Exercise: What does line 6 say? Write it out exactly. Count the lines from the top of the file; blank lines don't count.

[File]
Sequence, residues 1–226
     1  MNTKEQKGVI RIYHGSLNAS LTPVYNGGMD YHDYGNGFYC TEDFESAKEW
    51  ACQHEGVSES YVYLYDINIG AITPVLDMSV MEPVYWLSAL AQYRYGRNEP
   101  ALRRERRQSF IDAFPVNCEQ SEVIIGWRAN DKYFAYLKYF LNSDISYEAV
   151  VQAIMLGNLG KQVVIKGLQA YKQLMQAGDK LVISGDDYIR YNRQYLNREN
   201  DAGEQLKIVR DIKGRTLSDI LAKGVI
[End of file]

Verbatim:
   201  DAGEQLKIVR DIKGRTLSDI LAKGVI